How did whalebone define gender roles in the seafaring industry for both men and women?
THE WHALEBONED BODY:This investigation focuses on how whalebone gave women complementary power on land as men had at sea and also how whalebone defined the architecture of the body through the corset. I aim to explore the disjuncture between the Victorian domesticity of the corset and the changing ideas of community including economic and social shifts in whaling communities like New Bedford, MA.
Norling, Lisa. Captain Ahab Had a Wife: New England Women and the Whalefishery 1720-1870. Chapel Hill: The University of North Carolina Press, 2000.
Norling’s literature will provide the framework to explore how the whale fishery created new gender roles for women, in particular, for the wives of whaler’s. Focusing on the southeastern whaling communities of New Bedford and Nantucket, Norling’s work dispels the genderless notion of the seafaring industry arguing for its dependence on women and their important role in controlling the land while the men were at sea. These shifting gender roles conflict with the typical male independence (as depicted in Melville’s Moby Dick) of whalers and the emergence of the female Victorian domesticity. This text will serve as a comparison to earlier factory typologies where a rigid social division of labor existed and how the whaling industry’s ideas of sexual difference encompassed different yet complementary responsibilities for men and women. The occupation of men demanded women’s duties that were at odds with the perception of the effortless Victorian appearance. This will support the argument that whalebone defined women’s gender roles -materially and bodily through the corset and socially through responsibilities of the land.
Recarte, Ana. “Historical Whaling in New England.” Friends of Thoreau (n.d.): 1-29.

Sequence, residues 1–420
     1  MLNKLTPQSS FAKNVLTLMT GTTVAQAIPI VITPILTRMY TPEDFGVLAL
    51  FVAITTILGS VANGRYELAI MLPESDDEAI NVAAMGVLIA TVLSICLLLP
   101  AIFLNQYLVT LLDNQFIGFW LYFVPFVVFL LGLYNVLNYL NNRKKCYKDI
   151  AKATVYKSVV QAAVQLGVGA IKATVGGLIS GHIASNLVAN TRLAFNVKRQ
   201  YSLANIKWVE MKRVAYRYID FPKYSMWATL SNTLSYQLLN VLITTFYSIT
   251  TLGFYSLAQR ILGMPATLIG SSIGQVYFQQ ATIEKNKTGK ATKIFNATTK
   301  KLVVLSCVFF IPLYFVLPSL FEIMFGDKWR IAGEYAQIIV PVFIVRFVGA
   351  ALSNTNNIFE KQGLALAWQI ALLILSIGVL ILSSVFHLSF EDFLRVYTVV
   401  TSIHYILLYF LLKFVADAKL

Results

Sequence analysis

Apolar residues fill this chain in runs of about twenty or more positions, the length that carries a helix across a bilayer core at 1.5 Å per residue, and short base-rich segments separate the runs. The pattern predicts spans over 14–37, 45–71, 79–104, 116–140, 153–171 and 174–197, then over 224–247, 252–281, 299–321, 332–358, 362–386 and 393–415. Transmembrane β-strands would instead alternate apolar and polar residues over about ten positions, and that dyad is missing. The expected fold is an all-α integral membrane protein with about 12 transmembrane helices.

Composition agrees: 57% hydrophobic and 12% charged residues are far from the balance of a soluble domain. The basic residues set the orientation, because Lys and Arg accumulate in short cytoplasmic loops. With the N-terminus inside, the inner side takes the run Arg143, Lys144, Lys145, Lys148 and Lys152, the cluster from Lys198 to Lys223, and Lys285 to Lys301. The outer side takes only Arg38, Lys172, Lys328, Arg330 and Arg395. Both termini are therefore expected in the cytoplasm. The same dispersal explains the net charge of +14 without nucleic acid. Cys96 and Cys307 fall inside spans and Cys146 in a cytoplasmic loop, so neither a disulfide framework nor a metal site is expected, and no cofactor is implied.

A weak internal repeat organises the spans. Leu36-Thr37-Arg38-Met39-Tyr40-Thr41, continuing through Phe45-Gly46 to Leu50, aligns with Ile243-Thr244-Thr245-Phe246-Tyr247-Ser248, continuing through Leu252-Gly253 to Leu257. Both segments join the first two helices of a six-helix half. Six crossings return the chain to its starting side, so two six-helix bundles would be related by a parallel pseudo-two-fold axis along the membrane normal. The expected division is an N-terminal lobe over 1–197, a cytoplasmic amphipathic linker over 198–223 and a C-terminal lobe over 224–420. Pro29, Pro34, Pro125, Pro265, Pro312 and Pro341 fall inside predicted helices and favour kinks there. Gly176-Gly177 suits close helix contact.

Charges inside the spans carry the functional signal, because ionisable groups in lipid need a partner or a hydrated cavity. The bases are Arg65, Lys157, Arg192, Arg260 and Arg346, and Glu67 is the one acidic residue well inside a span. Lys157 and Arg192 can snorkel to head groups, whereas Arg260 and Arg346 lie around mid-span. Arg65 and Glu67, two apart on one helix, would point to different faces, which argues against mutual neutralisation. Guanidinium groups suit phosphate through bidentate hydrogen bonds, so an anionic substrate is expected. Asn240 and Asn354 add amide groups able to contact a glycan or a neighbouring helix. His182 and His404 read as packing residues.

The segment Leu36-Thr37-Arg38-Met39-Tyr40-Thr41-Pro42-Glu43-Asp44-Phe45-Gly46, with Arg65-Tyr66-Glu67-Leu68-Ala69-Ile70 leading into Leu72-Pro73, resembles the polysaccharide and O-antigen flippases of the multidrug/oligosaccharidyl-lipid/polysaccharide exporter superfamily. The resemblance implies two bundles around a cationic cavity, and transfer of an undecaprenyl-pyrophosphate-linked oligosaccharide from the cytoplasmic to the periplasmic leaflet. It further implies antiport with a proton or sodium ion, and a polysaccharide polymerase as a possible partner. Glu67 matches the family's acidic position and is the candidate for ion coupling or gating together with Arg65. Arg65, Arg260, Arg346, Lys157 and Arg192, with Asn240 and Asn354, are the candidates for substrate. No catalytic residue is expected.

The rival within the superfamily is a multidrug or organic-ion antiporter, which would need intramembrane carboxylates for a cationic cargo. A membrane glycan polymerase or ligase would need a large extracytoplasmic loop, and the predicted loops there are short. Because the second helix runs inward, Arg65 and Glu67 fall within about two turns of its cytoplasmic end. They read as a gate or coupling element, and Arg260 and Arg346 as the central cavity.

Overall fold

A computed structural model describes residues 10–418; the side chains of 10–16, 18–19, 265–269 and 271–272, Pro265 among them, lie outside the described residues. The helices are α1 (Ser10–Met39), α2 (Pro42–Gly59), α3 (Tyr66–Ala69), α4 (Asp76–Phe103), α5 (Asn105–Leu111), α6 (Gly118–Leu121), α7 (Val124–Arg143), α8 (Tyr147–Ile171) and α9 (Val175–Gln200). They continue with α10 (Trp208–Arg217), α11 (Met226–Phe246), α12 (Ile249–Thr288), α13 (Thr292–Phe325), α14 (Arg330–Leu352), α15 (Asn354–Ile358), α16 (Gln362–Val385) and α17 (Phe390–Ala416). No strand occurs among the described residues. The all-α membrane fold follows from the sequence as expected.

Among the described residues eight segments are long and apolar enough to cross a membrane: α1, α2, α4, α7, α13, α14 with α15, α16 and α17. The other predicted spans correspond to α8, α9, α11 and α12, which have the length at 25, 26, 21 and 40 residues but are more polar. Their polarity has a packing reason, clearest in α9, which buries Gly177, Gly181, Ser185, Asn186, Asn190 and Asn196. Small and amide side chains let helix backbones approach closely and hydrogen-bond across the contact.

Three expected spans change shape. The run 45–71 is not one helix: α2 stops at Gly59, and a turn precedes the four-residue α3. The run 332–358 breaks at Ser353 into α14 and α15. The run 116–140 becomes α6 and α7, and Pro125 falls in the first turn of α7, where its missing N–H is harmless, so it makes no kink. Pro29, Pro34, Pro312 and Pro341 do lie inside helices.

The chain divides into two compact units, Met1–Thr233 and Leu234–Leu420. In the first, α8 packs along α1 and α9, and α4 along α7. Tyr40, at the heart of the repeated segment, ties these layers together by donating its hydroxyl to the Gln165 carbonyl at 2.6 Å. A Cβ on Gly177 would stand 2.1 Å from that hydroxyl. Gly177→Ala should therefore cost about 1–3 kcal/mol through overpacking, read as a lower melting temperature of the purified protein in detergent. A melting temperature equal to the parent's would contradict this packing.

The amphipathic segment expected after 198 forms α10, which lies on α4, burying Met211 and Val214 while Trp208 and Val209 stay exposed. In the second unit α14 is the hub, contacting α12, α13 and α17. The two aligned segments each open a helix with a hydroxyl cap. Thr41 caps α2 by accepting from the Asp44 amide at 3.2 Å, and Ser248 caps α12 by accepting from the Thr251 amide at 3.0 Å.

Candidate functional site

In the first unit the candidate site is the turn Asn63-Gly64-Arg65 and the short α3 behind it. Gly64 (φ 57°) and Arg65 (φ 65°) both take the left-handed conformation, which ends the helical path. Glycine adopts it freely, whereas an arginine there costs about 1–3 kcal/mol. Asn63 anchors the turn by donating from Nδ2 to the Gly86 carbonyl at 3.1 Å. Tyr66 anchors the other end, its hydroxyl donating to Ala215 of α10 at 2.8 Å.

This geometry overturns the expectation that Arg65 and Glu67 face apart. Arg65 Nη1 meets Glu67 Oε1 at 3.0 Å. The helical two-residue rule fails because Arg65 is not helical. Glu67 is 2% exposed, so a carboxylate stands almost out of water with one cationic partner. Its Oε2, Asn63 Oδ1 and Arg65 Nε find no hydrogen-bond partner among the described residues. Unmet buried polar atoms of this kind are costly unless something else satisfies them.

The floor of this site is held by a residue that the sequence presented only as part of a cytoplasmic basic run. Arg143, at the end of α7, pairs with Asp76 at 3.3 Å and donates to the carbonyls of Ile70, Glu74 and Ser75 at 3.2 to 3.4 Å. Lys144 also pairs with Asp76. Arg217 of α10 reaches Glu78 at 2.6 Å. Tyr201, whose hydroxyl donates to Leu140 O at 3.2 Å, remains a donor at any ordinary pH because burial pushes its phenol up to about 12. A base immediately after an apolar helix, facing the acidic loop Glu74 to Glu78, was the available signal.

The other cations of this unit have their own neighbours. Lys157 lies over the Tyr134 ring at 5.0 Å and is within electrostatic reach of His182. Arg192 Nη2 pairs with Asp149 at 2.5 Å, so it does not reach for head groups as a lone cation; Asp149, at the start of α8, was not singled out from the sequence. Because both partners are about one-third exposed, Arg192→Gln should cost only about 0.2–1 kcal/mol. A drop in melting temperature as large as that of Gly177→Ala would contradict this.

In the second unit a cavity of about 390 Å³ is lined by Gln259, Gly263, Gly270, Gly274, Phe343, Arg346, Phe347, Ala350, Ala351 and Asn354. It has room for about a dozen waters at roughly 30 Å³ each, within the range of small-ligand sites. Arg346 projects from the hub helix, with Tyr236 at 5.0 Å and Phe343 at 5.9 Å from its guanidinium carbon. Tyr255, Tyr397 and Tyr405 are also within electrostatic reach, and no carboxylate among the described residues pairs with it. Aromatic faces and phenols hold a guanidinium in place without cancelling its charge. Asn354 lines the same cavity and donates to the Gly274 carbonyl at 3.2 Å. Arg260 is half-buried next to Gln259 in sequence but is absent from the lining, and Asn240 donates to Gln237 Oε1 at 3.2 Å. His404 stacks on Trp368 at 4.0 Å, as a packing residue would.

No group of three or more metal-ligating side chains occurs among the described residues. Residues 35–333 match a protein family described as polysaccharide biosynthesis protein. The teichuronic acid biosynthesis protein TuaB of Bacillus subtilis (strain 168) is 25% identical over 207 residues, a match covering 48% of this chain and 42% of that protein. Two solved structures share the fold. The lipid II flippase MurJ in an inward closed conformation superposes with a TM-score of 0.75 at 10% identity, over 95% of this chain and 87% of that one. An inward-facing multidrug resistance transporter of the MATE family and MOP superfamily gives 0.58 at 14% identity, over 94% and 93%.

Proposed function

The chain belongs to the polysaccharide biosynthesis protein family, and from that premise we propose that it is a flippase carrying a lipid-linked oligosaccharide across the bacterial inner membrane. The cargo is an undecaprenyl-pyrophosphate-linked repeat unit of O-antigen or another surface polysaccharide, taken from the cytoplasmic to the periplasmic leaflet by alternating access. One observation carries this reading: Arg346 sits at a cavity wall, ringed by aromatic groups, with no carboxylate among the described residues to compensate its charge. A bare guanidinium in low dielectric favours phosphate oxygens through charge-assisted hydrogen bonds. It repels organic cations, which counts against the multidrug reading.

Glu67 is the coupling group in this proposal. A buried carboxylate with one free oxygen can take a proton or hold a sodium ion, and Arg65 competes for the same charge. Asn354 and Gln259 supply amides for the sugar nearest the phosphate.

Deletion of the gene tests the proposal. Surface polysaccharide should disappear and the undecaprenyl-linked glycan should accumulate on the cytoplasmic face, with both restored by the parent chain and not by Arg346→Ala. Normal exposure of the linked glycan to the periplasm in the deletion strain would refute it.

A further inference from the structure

This academic article focuses on the history of whaling in New England and its success at New Bedord, Masschusetts in particular, the inspiration for Moby Dick. The text explains why New Bedford became the “whaling capital of the world.” The text also provides details of particular whales and explains of the inner workings between different New England whaling towns. Partnering this information with the specifics details of the corset will provide a link between the overall industry and production.
Smithsonian Museum of American History. “On the Water: Commercial Fishers: Whaling.” http://americanhistory.si.edu/onthewater/exhibition/3_7.html.
Catalogue of American whaling from the late 1700s through the mid- 1800s. Includes photographs of whale products, whaling instruments and information regarding the whaling industry. This website will provide visual support for the importance of whalebone within southern New England
State Street Trust Company. Whale Fishery of New England. Boston: Walton Advertising and Printing Company, 1915.
This publication provides an overall understanding of whales and whaling. It accounts for the overall history, its emergence in New England and then focuses on Nantucket and New Bedford in particular. Also explored is the whaling vessels, species of wales and the decline of the industry. Comparing this text with class readings on the factory typology of early American towns will highlight changes in industrialization and production. Also, this literature can be used to support evidence from Norling’s book.
Steele, Valerie. The Corset: A Cultural History. New Haven: Yale University Press, 2001.
Steel takes an opposite approach to Waugh, advocating for the positive connotations of the corset and arguing against those who believe the corset was antagonistic toward women. This source provides a more intimate look at the corset, noting how the direction of the whalebone helped to shape figure and narrow the waist. Particular attention is paid to style and design. I can use this literature to describe the architecture of the body for women during this time with the corset and women both depending on whalebone.
Waugh, Norah. Corsets and Crinolines. New York: Theater Arts Books, 1970.
Waugh accounts for the history of whalebone or baleen in corsets describing the American Fishery of the 19th century as the third great whale fishery. She describes the quality and appearance of whalebone in depth, noting its ability to produce subtle curves. Straightforward and factual, Waugh also details the process of constructing a corset and explains “The Whaleboned Body.” This source will serve to provide logistical information and aid in the connection between architecture of the body and roles of women as fishermen’s wives.